Personalization, Data Privacy, and Transparency

Not your father’s advertising

Digital has afforded brands opportunities far beyond those of traditional advertising. Through digital, brands are able to leverage consumer data to create personalized ad experiences that can—when used properly—drive deeper connections between brands and consumers, ultimately leading to increased consumer loyalty and sales. In light of recent scandals however, consumers have understandably become wary of how digital publishers and advertisers are using their data. And if that trend continues, it will be much harder for advertisers to gain access to the insights they need to create effective ad experiences.

Data and Goliath

In March 2018, investigative findings revealed that Cambridge Analytica—a UK based data firm—improperly obtained the data of 87 million Facebook users. Cambridge Analytica, which worked for Donald Trump during the 2016 election cycle, used the data to create voter profiles. According to The New York Times, the company was tasked with performing a number of services for the Trump campaign, which included “designing target audiences for digital ads and fund-raising appeals, modeling voter turnout, buying $5 million in television ads and determining where Mr. Trump should travel to best drum up support.”

Mark Zuckerberg was later called to testify in front of congress on the data breach, at which time three things became very clear:

  1. Consumers—including our leaders in congress—are unclear as to why and how consumer data is collected and used (watch this short clip to see what I mean), and they’re worried.
  2. Consumers want, and have the right to, transparency and data privacy.
  3. The advertising industry needs to take data privacy seriously.

You can trust me, I swear

It’s worth repeating—consumers want transparency into how their personal data is being used across channels. Unfortunately they don’t trust that brands are being transparent. According to Edelman’s 2018 Trust Barometer, the US saw a drastic decrease in trust for businesses and the media—a 10 and five point drop from 2017—putting brand trust at an all-time low.

Between a rock and a hard place

Creating connections between brands and consumers is critical to business success, and consumer data is paramount in creating those B2C relationships—unfortunately it’s the application of that very data that is causing consumers to pull away. The current climate is pushing brands to work twice as hard, not only to create deep consumer connections, but to build (and in some cases rebuild) trust in order to maintain favorability.

Here are three strategies brands can take toward repairing consumer trust:

1 – Be Transparent

Tod Loofbourrow, ViralGains CEO, suggests that every marketer ask the following question: Who gave you permission to access the data you’re using? The answer should be: The consumer. By keeping this in mind, brands can ensure they’re sourcing consumer data in an ethical manner by gaining consumer buy-in prior to targeting them with ads.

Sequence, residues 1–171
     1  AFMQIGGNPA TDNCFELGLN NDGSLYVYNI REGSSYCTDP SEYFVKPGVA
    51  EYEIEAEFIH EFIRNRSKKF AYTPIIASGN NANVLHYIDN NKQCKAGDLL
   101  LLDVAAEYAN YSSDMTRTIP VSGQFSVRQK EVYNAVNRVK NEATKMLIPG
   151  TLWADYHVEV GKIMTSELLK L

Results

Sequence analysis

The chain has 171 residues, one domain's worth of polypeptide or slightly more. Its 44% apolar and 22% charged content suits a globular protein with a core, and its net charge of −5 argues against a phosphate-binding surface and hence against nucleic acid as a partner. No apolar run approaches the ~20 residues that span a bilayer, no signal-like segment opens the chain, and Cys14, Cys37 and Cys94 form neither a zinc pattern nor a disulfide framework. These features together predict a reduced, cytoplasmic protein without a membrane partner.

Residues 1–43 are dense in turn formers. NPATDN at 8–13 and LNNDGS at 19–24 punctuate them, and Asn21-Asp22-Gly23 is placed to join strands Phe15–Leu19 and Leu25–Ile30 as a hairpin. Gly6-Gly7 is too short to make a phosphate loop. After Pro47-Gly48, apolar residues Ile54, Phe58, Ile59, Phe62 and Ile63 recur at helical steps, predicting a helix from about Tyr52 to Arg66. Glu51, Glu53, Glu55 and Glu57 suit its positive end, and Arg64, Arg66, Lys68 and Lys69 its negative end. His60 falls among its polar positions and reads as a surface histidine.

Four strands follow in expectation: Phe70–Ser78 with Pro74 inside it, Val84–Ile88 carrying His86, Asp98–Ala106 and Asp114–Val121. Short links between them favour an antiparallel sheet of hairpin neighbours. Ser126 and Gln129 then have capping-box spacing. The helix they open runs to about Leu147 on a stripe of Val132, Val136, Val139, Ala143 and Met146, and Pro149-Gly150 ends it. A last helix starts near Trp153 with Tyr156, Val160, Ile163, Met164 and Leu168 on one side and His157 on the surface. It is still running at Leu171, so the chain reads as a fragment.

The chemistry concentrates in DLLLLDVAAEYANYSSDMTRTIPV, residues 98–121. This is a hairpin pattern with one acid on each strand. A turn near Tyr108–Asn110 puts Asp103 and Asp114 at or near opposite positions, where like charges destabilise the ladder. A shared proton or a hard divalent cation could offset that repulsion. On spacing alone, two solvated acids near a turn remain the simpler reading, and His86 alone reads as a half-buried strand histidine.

Moreover, it’s important that company privacy policies are written in plain, digestible English. An average consumer should understand how their data is being used without confusion or doubt.

Brands should work to forge partnerships with agencies and ad-tech vendors that value data privacy and transparency in similar ways. Doing so supports a clean and trustworthy digital ecosystem.

2 – Listen More

ViralGains gives consumers the power to tell brands what they want and how they feel. With our Engagement Experiences, brands can engage consumers in two-way conversations where they let brands know what they’re interested in (or not), and brands can respond by delivering future messaging based on those declared consumer preferences.

This type of experience puts the consumer in the driver’s seat, and helps to deliver information they welcome instead of ads they want to block.

3 – Give a little, take a little

The next time your brand is looking to collect consumer information, consider giving the consumer something in return.  

A CPG brand may want to expand their database by collecting consumer emails. Instead of simply asking a consumer to fill out a form, the brand can drive traffic to a product landing page using a Traffic Driver Engagement Card. The landing page can solicit consumer information in exchange for a discount code or exclusive offer. With this strategy, the brand is able to establish a mutually beneficial relationship with their consumer.

One small step

Cutting through the noise in today’s saturated advertising landscape is difficult, but personalization can really help. Although consumers may express distrust in how their data is being utilized, taking steps toward data transparency, no matter how small, can help repair that trust in a way that sets both brands and their audiences up for a brighter digital future.

Want to learn more about how ViralGains can help your brand create transparent and effective video ad campaigns? Request a demo with one of our experts today.

About Victoria De Leon

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